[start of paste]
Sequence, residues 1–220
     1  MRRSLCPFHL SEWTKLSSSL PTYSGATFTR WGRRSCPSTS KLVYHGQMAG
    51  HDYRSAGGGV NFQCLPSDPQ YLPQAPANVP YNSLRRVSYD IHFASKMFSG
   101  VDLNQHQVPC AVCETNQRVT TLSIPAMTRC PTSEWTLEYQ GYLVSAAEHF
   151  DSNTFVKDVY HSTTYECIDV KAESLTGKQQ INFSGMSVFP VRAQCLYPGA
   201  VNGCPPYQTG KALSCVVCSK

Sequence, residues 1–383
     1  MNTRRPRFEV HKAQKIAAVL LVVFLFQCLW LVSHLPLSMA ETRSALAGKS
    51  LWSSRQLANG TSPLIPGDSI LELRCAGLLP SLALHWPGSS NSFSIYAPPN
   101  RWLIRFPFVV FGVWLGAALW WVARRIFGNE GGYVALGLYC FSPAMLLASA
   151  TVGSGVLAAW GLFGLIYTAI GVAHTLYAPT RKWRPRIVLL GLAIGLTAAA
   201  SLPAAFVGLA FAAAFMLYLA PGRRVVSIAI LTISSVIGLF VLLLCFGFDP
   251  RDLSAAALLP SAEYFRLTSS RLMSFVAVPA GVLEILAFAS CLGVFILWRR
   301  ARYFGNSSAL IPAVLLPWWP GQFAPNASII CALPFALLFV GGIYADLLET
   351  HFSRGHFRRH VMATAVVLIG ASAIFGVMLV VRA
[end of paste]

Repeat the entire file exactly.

Sequence, residues 1–220
     1  MRRSLCPFHL SEWTKLSSSL PTYSGATFTR WGRRSCPSTS KLVYHGQMAG
    51  HDYRSAGGGV NFQCLPSDPQ YLPQAPANVP YNSLRRVSYD IHFASKMFSG
   101  VDLNQHQVPC AVCETNQRVT TLSIPAMTRC PTSEWTLEYQ GYLVSAAEHF
   151  DSNTFVKDVY HSTTYECIDV KAESLTGKQQ INFSGMSVFP VRAQCLYPGA
   201  VNGCPPYQTG KALSCVVCSK

Sequence, residues 1–383
     1  MNTRRPRFEV HKAQKIAAVL LVVFLFQCLW LVSHLPLSMA ETRSALAGKS
    51  LWSSRQLANG TSPLIPGDSI LELRCAGLLP SLALHWPGSS NSFSIYAPPN
   101  RWLIRFPFVV FGVWLGAALW WVARRIFGNE GGYVALGLYC FSPAMLLASA
   151  TVGSGVLAAW GLFGLIYTAI GVAHTLYAPT RKWRPRIVLL GLAIGLTAAA
   201  SLPAAFVGLA FAAAFMLYLA PGRRVVSIAI LTISSVIGLF VLLLCFGFDP
   251  RDLSAAALLP SAEYFRLTSS RLMSFVAVPA GVLEILAFAS CLGVFILWRR
   301  ARYFGNSSAL IPAVLLPWWP GQFAPNASII CALPFALLFV GGIYADLLET
   351  HFSRGHFRRH VMATAVVLIG ASAIFGVMLV VRA